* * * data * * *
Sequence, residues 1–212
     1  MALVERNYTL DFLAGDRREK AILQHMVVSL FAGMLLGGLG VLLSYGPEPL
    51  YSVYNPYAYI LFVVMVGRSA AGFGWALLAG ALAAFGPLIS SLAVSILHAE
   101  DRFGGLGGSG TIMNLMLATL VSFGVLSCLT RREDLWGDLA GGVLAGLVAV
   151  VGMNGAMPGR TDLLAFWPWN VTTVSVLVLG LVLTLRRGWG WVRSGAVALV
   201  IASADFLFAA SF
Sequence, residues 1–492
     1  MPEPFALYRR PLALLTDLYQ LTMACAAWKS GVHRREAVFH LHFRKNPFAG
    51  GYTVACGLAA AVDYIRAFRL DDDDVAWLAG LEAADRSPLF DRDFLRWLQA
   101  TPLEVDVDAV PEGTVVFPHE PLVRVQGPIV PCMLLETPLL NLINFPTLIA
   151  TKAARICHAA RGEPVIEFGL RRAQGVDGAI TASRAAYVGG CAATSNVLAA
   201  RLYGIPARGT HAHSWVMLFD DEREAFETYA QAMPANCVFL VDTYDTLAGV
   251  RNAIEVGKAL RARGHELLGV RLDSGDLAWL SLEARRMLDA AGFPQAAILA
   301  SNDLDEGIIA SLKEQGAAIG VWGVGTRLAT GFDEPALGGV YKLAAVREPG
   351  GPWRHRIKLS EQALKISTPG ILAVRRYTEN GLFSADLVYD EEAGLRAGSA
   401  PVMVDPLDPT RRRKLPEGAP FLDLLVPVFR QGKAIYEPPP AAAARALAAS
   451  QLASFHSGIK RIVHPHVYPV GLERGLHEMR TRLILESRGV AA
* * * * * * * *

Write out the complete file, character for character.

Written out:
Sequence, residues 1–212
     1  MALVERNYTL DFLAGDRREK AILQHMVVSL FAGMLLGGLG VLLSYGPEPL
    51  YSVYNPYAYI LFVVMVGRSA AGFGWALLAG ALAAFGPLIS SLAVSILHAE
   101  DRFGGLGGSG TIMNLMLATL VSFGVLSCLT RREDLWGDLA GGVLAGLVAV
   151  VGMNGAMPGR TDLLAFWPWN VTTVSVLVLG LVLTLRRGWG WVRSGAVALV
   201  IASADFLFAA SF
Sequence, residues 1–492
     1  MPEPFALYRR PLALLTDLYQ LTMACAAWKS GVHRREAVFH LHFRKNPFAG
    51  GYTVACGLAA AVDYIRAFRL DDDDVAWLAG LEAADRSPLF DRDFLRWLQA
   101  TPLEVDVDAV PEGTVVFPHE PLVRVQGPIV PCMLLETPLL NLINFPTLIA
   151  TKAARICHAA RGEPVIEFGL RRAQGVDGAI TASRAAYVGG CAATSNVLAA
   201  RLYGIPARGT HAHSWVMLFD DEREAFETYA QAMPANCVFL VDTYDTLAGV
   251  RNAIEVGKAL RARGHELLGV RLDSGDLAWL SLEARRMLDA AGFPQAAILA
   301  SNDLDEGIIA SLKEQGAAIG VWGVGTRLAT GFDEPALGGV YKLAAVREPG
   351  GPWRHRIKLS EQALKISTPG ILAVRRYTEN GLFSADLVYD EEAGLRAGSA
   401  PVMVDPLDPT RRRKLPEGAP FLDLLVPVFR QGKAIYEPPP AAAARALAAS
   451  QLASFHSGIK RIVHPHVYPV GLERGLHEMR TRLILESRGV AA